By its very nature, distress is “great pain, acute suffering and extreme misfortune.” It hijacks our ability to think straight and function adequately. This mainly happens because we shift to the “survival mode” where the basic aim of the body is to protect itself, and hence the problem-solving mechanisms of the brain become relatively slower.
“When we are in distress and lack feelings of safety, our thinking brain is hijacked by our emotional limbic system and we move into primitive drives to fight or flight. If we’re too scared, we freeze or get stuck as if we’re just trying to survive the ordeal. Because our thinking brain is offline, this can get very big and out of control.”
Some healthy strategies to de-stress yourself when everything seems to make you upset and you can’t pick one source of distress are given below:
1) IDENTIFICATION OF NEEDS
Usually people who are distressed need something. The first thing to do in such a situation is to try and identify what is it that you need, or what is it that can make you feel better. It can be something you want out of yourself, something you want from the situation, something from you want from people around you, so on and so forth. You may have an emoti0onal need to feel loved and accepted, you may have a psychological need to treat yourself with kindness, or you may have a tangible need for your work. when you’re feeling distressed, start by asking yourself: “What do I need right now?”
2) FOCUSSING ON NEEDS AND HONOURING THEM
Instead of focusing what you don’t need, a more helpful way to deal with distress is focusing on what you do. If you’re feeling lonely, and you ask yourself what is it that you need, a simple answer would be “to not feel lonely”. Instead, coming up with healthier ways in which you can stay connected to family and friends and people who provide you with emotional support will be more helpful, as it’ll lead to resolution of conflict and hence lessen distress. Once you’ve identified the needs, it is also wise to communicate them expecting others to guess and show up, is a little too much to ask for and is likely to leave you disappointed.
3) THE GOLDEN RULE
We’ve heard enough of “treat others the way you want to be treated”. In reality people are more kind and compassionate to others than to self, and making them more critical towards themselves. Therefore, reversing the golden rule makes more sense, i.e., treat yourself the way you will treat others. In this scenario, the likelihood of you being kind to yourself is more. Kindness can mean different things to different people and contexts. For someone, it may include forgiving yourself for making a mistake, or praising yourself after doing something difficult or challenging, or just asking yourself to take one day at a time and not rush through the process of growth. The love you keep trying to give everyone else should be given to you, and treating yourself with the same compassion also reduces distress.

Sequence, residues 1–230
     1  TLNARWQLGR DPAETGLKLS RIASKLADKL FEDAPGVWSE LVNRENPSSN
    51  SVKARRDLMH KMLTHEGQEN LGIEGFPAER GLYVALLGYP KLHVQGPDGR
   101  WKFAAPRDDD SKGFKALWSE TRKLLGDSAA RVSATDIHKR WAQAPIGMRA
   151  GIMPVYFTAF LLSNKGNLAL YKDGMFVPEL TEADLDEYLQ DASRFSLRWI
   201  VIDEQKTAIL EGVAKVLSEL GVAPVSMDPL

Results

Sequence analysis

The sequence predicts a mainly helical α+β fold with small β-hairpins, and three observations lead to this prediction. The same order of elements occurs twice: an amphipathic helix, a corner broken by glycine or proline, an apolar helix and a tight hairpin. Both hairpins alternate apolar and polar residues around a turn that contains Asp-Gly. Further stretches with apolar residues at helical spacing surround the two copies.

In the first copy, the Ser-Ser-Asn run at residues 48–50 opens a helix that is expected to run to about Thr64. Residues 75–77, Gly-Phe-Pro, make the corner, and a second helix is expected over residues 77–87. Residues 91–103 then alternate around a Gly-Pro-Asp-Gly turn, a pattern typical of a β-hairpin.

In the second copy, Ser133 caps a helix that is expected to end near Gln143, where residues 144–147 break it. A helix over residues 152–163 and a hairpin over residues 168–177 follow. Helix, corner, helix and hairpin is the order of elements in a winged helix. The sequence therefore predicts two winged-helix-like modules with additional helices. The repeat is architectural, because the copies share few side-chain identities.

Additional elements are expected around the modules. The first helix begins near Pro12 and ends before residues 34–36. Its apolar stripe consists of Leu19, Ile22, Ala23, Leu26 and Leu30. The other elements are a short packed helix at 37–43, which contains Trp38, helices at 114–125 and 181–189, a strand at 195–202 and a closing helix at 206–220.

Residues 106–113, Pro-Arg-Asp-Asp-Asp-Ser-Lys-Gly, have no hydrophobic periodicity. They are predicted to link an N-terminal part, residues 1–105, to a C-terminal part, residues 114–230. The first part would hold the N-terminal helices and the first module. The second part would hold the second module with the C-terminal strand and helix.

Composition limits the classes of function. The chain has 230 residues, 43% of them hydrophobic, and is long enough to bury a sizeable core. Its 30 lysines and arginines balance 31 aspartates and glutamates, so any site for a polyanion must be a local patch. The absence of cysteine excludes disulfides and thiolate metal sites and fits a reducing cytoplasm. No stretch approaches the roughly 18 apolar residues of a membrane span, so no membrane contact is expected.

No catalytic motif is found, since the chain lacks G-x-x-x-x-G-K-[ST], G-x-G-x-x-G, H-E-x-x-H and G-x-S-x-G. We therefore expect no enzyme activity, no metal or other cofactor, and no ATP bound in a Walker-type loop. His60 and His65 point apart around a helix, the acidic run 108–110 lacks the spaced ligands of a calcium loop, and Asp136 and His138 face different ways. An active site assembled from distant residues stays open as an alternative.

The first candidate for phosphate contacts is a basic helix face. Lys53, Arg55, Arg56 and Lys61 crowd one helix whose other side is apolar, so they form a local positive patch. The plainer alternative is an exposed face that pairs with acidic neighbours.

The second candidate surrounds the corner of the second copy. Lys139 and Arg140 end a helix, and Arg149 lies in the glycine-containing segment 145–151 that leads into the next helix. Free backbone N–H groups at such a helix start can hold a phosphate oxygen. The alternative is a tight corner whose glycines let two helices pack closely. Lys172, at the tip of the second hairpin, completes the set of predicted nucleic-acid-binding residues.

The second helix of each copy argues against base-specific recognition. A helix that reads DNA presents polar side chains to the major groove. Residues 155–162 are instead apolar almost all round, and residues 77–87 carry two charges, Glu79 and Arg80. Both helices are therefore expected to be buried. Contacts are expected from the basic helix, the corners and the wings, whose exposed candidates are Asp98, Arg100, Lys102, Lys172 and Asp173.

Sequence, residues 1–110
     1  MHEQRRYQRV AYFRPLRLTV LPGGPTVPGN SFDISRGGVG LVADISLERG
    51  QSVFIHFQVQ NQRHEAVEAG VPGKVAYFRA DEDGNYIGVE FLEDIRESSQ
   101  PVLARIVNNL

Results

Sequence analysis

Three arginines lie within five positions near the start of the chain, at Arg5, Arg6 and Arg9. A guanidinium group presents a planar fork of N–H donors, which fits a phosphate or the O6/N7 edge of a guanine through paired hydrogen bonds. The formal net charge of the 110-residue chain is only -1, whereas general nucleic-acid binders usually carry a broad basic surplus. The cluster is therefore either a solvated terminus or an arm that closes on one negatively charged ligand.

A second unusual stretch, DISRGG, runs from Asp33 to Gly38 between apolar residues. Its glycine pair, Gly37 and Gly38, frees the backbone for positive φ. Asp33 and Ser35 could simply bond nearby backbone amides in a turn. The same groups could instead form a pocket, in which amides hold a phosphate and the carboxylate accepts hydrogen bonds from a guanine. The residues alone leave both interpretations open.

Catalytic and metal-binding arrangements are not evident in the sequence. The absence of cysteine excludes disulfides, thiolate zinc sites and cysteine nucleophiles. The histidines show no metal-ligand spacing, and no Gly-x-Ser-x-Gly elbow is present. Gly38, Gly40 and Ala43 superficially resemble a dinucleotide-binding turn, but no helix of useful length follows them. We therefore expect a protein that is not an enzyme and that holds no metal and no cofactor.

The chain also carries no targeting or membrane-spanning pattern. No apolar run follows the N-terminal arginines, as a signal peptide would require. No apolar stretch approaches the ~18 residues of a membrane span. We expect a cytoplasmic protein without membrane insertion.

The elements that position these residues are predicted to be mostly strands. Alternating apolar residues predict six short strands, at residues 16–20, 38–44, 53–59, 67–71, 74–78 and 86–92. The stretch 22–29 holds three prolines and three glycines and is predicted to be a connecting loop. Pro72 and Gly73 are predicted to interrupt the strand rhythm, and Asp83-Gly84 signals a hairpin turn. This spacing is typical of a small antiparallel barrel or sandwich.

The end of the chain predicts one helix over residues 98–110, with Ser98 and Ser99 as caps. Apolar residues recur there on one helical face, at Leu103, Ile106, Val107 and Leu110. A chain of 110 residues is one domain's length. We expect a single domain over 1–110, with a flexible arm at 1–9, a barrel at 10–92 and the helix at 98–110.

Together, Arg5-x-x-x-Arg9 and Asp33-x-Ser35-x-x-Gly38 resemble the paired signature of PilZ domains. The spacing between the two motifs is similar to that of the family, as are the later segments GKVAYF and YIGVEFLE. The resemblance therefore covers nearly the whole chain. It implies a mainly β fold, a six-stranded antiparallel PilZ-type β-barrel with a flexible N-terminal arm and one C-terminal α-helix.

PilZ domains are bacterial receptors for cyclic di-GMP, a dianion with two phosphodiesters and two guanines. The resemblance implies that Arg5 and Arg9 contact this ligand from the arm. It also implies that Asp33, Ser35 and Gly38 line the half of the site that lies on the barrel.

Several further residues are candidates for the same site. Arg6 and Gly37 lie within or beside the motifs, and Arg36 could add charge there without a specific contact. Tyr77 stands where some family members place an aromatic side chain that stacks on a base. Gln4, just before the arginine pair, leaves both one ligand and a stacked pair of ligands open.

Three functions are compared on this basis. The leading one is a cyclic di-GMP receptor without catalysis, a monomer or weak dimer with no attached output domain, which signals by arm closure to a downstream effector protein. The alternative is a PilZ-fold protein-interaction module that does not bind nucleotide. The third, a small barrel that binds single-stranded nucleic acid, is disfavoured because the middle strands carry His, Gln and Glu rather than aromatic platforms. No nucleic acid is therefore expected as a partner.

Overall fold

4) GROUND YOURSELF
In an environment that distresses you, its important you find ways to keep yourself grounded. It can be simple as sticking to a comforting tv show or song, or it could include counting 5 things you can hear, see, and sense and can also include clenching and releasing your fists in an attempt to make yourself feel free, and better. Alternatively, you can also indulge in creative visualization wherein you visualize yourself physically walking away from all the sources of anxiety and stress in your life, to a real physical place that you think is happier, and hence safer in order to make yourself feel better about the situation.
5) RADICAL ACCEPTANCE
Finally, it is important to realize the situation you are in. Many a times we spend our time being angry because “it should not have happened to us”. Instead, we need to spend time acknowledging that it “already has happened” and therefore, need to find ways to cope with the situation. The first step is to get yourself to be calmer and relax, depending on what works for you. It could be something as simple as exercising or meditation, or getting a pep talk. Using self-affirming statements like “I can handle this” while acknowledging the problem at hand can also help you feel better.
Emotional pain and distress are an inevitable part of life. The inability to learn how to effectively cope with intense emotion and distress only leads to increased suffering. However, it isn’t impossible. Working out what best works for you in times of distress can help you maintain an optimistic outlook, while feeling positive, and help you handle your problems and stressful situations in a better, and healthier way.